Pressure from the U.S. and Iraq’s top Shiite cleric wasn’t enough to prod lawmakers yesterday to end an impasse over picking a prime minister and fill key posts. An hour after convening in Baghdad for the first time since April elections, parliament adjourned until July 8, citing a lack of quorum and disagreements among leading political blocs.

Marie Harf, a U.S. State Department spokeswoman, said while it was important parliament convened, “we do hope that Iraq’s leaders will move forward with the extreme urgency that the current situation deserves.”

“Time is not on Iraq’s side here,” she added, according to an e-mail of her daily briefing. “They need to do this as quickly as possible.”

Iraqi forces agree with Kurds to defuse tension - World Updates | The Star Online

theamericanbear:

Iraqi military leaders agreed on Monday with commanders from the Kurdistan region to defuse tension and discuss pulling their troops back from an area over which they both claim jurisdiction.

Baghdad and the autonomous Kurdish region last week sent thousands of troops into the oil-rich territories along their contested internal border, raising the stakes in a long-running row over land and oil rights.

Military leaders from both sides met at the Ministry of Defence in Baghdad in the presence of a senior military officer from the United States on Monday.

A statement from the commander in chief of the Iraqi armed forces said the two sides had agreed to “start pacifying the situation and discuss a mechanism to return the forces which were deployed after the crisis to their previous positions”.

Continue

Also:
Kurds Fight Islamist Rebels In Syria, Threaten Independence In Iraq | The Agonist

[T]here are many who would say I am a hero for doing what others would not while putting myself at extreme risk … I understand the sentiment, and I trust that there are those who truly believe that all service members are heroes, simply for signing up. But I can’t help think that for some, “hero” is a throw-away word, designed to demonstrate a “support the troops” position or guarantee applause at an event.

… I don’t feel comfortable being called a hero. In fact, my brow furrows and my mind sharpens when I hear it. Words matter, and “hero” is so loaded and used so frequently that it stands to lose its meaning altogether. Maybe this is just New York cynicism, but I know I’m not the only veteran who feels skeptical when he or she is placed in the hero bin along with every other service member from the past 10 years. I admire the fact that men and women with whom I served chose a dangerous profession for their country – often making the decision after 9/11. But, these are soldiers. Soldiers are human beings. There are good ones and bad ones. A few do amazing, heroic things. The rest do their jobs – incredible, unique jobs – but jobs, nonetheless. Some perform happily, others grudgingly. And I argue that most feel embarrassed when lauded as heroes.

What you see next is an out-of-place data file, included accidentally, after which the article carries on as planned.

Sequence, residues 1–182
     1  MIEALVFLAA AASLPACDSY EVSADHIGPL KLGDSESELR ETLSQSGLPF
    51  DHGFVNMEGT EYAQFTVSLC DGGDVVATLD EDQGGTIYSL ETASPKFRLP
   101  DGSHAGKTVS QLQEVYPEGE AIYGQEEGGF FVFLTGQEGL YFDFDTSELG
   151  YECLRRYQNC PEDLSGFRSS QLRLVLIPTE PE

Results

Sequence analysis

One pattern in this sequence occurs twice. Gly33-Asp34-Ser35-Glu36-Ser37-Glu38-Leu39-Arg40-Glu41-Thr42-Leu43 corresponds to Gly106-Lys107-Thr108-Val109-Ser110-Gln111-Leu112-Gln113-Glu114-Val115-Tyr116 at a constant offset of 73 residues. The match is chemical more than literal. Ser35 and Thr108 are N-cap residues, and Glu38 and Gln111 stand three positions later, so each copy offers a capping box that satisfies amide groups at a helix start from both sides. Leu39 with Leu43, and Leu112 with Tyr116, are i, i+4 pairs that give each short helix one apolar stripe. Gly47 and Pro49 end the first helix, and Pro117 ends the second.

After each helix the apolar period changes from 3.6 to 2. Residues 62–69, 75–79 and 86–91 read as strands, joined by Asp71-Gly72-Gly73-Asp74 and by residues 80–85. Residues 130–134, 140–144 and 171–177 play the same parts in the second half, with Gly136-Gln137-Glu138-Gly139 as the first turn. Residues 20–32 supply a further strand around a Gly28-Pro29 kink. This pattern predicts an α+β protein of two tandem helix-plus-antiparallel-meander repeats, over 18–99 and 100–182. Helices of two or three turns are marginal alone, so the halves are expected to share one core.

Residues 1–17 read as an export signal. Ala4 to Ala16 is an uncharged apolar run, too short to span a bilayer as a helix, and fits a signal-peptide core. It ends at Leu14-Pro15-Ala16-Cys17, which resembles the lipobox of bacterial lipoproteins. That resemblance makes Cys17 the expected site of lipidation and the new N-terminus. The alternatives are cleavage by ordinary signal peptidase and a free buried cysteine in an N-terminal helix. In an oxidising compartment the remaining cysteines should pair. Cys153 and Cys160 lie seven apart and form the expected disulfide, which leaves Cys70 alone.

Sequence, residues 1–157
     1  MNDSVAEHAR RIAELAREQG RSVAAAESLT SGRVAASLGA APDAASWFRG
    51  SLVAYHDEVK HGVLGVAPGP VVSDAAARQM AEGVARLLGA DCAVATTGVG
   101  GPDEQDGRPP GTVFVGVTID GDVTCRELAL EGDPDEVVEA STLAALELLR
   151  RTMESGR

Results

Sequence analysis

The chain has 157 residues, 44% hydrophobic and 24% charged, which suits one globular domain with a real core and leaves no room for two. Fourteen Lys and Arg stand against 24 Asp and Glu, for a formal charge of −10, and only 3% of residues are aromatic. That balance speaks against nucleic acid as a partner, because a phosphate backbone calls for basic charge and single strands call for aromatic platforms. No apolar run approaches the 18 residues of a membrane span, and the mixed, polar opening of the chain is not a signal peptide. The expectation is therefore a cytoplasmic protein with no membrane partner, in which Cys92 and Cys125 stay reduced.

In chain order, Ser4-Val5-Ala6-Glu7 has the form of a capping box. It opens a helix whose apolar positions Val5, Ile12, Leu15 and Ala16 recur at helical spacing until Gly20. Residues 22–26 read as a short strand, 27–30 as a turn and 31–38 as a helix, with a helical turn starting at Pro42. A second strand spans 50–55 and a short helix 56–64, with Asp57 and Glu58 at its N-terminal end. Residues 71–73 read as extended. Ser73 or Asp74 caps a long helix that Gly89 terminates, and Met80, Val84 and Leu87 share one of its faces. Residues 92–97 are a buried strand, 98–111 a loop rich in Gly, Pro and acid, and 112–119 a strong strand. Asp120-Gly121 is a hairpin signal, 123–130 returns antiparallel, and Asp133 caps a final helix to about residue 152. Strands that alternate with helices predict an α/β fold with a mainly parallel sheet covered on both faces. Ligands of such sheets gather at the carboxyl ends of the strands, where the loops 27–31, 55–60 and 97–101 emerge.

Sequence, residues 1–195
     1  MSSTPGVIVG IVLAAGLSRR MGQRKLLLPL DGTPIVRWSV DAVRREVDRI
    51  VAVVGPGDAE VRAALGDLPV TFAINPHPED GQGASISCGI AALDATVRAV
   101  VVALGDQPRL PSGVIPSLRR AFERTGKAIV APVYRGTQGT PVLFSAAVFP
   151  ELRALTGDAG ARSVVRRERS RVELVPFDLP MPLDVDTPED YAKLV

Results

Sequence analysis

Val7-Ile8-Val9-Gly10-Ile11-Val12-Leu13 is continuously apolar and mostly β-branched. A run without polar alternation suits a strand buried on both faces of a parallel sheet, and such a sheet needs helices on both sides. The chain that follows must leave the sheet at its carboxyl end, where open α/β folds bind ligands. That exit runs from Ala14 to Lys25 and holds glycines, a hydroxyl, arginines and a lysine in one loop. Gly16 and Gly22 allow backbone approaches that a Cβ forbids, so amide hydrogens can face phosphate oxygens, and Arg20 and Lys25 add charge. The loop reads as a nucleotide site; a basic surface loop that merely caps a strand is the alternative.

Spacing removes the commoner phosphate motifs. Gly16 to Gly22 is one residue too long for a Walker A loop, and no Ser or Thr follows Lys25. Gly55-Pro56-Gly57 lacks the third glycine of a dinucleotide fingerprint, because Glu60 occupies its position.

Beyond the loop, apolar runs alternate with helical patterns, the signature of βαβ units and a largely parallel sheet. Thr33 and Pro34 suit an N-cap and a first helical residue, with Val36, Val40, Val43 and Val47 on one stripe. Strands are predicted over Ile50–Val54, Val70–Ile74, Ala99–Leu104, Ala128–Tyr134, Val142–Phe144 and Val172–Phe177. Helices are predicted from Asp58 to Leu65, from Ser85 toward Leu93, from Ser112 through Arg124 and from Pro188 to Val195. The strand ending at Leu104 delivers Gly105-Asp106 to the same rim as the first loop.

Don Gomez, Iraq War Veteran (via letterstomycountry)
Although the wary pundits who criticized the early chemical weapons stories were wrong about this particular case, they were right about the overarching truth of the situation: the invasion and occupation of Iraq was an horrific war crime in itself, regardless of what weapons or tactics were or were not used. Even without the chemical weapons, the death squads, the tortures of Abu Ghraib, the rapes and rampages, the deliberate empowerment of violent extremists, the endless barrage of lies, and the world-historical levels of corruption and war-profiteering that characterized the reality of the war, this act of aggression would still be a work of the most vile, most putrid, most irredeemable evil. … The destruction of Fallujah was like a black hole, where all the evil of the war was sucked in and concentrated with unbreakable force. So I think it’s worth reiterating, once more, the actual context of this atrocity that is now reverberating through the twisted, tormented bodies of children born long after the guns have fallen silent.

Chris Floyd, “After the Fire, the Fire Still Burns”: Horror Goes on for Victims of Iraq War Atrocities

Writing in response to “Iraq records huge rise in birth defects” from the Independent. From that report:

It played unwilling host to one of the bloodiest battles of the Iraq war. Fallujah’s homes and businesses were left shattered; hundreds of Iraqi civilians were killed. Its residents changed the name of their “City of Mosques” to “the polluted city” after the United States launched two massive military campaigns eight years ago. Now, one month before the World Health Organisation reveals its view on the legacy of the two battles for the town, a new study reports a “staggering rise” in birth defects among Iraqi children conceived in the aftermath of the war.